Remembering two Filipino priests who disappeared without trace
Father Rudy Romano and Father Conrado de la Cruz paid the ultimate price for helping the poor and downtrodden
“Where are you, brother, during such a long time? Where are you, brother? The powerful have to answer … We will never stop until we find you.”
Bishop Emmanuel Cabajar composed this verse to pay tribute to his Redemptorist brother, Father Rudy Romano, who was forcibly disappeared in Labangon, Cebu City, 36 years ago today. The priest has never been found.
July 11 comes and goes generally unnoticed. Except for the Redemptorist community and friends and colleagues of Father Rudy, the Catholic Philippines has seemingly forgotten the injustice committed against this man of the cloth who, like the Most Holy Redeemer, gave his life for the ransom of many. Poverty, injustice, human rights violations, absence of genuine peace — these were the very reasons why he linked arms with the wretched of the earth. In so doing, he earned the ire of the powers-that-be and was made to disappear.
Asked about his memories of the disappeared priest, Bishop Cabajar said: “I have fond memories of Father Rudy. He was two years ahead of me at St. Alphonsus Theologate in Cebu City, but we were classmates in some subjects. Common interests often brought us together. Instead of taking a midday siesta, we would often do carpentry work or develop photographs in the dark room or give a haircut to a confrere. We used to affectionately call him “the scientist before his time” due to his inventiveness and creativity.”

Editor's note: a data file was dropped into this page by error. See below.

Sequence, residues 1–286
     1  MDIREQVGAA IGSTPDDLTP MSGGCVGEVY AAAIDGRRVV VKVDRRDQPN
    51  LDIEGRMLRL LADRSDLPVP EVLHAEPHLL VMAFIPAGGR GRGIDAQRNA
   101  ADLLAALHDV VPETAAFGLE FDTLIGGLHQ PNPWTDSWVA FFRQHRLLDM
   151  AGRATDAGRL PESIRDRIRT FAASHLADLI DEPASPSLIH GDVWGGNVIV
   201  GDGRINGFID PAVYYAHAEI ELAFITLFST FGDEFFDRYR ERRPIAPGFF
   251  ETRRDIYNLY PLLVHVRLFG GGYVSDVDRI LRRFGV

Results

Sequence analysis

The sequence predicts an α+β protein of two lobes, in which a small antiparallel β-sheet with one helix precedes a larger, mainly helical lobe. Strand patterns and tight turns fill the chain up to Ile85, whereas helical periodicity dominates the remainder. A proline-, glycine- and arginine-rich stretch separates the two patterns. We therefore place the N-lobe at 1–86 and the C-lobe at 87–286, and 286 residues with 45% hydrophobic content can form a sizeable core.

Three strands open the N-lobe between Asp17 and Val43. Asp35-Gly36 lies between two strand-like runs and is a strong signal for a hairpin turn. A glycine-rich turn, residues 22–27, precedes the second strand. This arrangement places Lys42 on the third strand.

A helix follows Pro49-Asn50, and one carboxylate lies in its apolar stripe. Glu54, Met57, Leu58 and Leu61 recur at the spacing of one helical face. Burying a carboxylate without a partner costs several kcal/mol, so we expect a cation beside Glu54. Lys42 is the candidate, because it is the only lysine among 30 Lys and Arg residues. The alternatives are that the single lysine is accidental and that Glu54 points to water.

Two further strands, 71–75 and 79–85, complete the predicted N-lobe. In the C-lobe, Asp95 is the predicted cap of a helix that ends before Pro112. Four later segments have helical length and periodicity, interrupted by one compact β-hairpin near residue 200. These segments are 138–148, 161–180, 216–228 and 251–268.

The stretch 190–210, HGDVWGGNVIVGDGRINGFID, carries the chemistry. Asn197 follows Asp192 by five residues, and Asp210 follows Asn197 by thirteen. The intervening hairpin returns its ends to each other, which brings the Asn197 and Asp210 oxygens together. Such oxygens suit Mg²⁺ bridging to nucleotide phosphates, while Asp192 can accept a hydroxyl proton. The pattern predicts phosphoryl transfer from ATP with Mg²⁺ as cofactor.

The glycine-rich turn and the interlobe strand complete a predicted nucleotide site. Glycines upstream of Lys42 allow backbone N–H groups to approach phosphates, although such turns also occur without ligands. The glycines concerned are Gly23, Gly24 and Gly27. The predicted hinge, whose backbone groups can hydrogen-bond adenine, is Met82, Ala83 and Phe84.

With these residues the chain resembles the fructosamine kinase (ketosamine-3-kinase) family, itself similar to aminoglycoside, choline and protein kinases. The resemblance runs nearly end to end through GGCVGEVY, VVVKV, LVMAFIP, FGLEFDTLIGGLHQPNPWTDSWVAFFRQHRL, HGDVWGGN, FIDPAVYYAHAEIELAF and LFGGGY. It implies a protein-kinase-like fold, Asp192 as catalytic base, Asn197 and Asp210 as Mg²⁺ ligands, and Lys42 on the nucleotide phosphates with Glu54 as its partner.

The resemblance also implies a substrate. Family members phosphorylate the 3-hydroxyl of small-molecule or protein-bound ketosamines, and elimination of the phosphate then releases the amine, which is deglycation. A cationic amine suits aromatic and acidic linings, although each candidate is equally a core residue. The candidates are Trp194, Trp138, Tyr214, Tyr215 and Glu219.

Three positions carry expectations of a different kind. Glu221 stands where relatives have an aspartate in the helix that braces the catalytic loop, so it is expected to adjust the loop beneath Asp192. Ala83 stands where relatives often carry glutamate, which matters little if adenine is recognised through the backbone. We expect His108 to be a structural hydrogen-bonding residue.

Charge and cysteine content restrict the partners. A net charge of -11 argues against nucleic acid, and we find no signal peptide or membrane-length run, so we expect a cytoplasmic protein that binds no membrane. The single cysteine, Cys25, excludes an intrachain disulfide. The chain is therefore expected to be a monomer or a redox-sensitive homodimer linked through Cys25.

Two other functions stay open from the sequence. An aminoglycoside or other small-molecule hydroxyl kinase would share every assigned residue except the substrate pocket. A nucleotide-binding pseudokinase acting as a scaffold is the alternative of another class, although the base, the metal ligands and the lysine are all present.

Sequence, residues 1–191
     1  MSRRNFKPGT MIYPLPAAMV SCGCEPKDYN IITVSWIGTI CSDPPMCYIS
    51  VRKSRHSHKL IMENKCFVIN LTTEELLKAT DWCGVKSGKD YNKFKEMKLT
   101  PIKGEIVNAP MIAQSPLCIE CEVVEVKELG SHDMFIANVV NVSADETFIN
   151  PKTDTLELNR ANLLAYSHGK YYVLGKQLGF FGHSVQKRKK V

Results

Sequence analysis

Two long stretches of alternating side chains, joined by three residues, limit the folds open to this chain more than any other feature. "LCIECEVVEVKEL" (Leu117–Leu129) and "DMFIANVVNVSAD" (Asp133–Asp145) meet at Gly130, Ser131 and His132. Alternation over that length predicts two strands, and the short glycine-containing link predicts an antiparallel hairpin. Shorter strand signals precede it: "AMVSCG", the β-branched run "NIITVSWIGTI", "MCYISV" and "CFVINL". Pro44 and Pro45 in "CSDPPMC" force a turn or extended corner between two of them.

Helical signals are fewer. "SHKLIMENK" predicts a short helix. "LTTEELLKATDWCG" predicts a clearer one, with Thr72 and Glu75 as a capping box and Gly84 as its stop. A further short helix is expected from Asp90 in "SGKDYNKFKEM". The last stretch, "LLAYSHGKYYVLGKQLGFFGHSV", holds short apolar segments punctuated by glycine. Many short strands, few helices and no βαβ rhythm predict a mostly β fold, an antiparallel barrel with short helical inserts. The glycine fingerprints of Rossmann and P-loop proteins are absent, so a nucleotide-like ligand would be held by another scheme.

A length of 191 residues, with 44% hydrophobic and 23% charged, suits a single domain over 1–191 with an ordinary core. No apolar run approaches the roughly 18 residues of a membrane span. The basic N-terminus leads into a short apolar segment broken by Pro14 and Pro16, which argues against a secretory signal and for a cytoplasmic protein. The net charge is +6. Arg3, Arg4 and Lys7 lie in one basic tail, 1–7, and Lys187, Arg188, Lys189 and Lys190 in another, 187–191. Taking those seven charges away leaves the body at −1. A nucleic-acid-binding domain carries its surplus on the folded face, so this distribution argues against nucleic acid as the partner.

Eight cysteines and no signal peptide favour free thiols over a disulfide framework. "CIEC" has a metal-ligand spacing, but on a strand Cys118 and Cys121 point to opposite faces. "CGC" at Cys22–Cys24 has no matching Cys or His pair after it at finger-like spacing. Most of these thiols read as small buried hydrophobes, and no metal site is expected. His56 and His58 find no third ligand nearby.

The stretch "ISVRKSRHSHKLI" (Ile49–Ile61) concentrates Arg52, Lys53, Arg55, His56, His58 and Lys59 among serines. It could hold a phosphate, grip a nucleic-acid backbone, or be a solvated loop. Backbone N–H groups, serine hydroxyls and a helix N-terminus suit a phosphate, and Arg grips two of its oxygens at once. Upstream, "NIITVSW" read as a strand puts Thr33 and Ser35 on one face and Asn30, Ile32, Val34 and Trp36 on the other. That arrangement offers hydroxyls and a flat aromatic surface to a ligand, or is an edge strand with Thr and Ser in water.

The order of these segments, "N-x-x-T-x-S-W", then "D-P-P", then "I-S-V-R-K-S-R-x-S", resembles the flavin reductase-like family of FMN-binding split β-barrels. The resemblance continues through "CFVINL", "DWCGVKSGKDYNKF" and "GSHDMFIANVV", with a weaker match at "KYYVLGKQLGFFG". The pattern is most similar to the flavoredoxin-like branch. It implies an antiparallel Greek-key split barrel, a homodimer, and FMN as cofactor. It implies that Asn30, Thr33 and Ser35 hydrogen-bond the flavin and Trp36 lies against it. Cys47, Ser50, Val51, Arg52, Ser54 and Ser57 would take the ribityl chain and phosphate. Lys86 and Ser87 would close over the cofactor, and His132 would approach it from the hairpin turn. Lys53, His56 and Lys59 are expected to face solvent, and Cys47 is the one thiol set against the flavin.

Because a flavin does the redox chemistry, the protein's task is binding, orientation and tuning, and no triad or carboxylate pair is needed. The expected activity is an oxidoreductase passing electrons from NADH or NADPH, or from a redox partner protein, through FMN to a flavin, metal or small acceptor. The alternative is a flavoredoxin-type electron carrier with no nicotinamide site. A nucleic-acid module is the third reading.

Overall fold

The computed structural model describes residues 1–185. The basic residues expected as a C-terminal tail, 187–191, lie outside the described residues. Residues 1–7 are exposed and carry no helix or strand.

Almost four decades since his disappearance, the Philippines is far from the “New Heaven and the New Earth” that Father Rudy dreamed for — a dream that, if fulfilled, he will never have the possibility to cherish.
Father Rudy would have been 81 years old this coming Sept. 26. If he were with us today, he would surely have the same or even stronger commitment to help the hungry farmers, poor workers, homeless urban poor and street children, who bear the brunt of the violent “war on drugs” that is causing innumerable deaths of God’s little ones. His heart would have bled to see our present situation, which is worsened by the coronavirus pandemic. Certainly, he would have courageously pursued the same advocacy for the downtrodden.
“I remember Father Rudy as a preacher of the word of God. He dedicated a large part of his pastoral work to the ministry of the Word. He was engaged in the rural missions … I saw some of his missionary footprints in northern Mindanao, from Iligan to Gingoog,” Bishop Cabajar recalled.
“One early morning, as I was jogging in Mambajao, Camiguin island, I saw a stone marker at a junction. Engraved on it was an expression of local people’s sentiments: “Handumanan sa Misyon” (Memory of the Mission) with Father Rudy’s name on it.”
During and beyond the darkest years of the Marcos dictatorship, persecution of the progressive segment of the Catholic Church came and continues to come in many horrible forms: incarceration, extrajudicial execution, torture.
Father Rudy was allegedly disappeared by elements of the Military Intelligence Group, who were supposed to be protectors of the law. There is no trace of his whereabouts.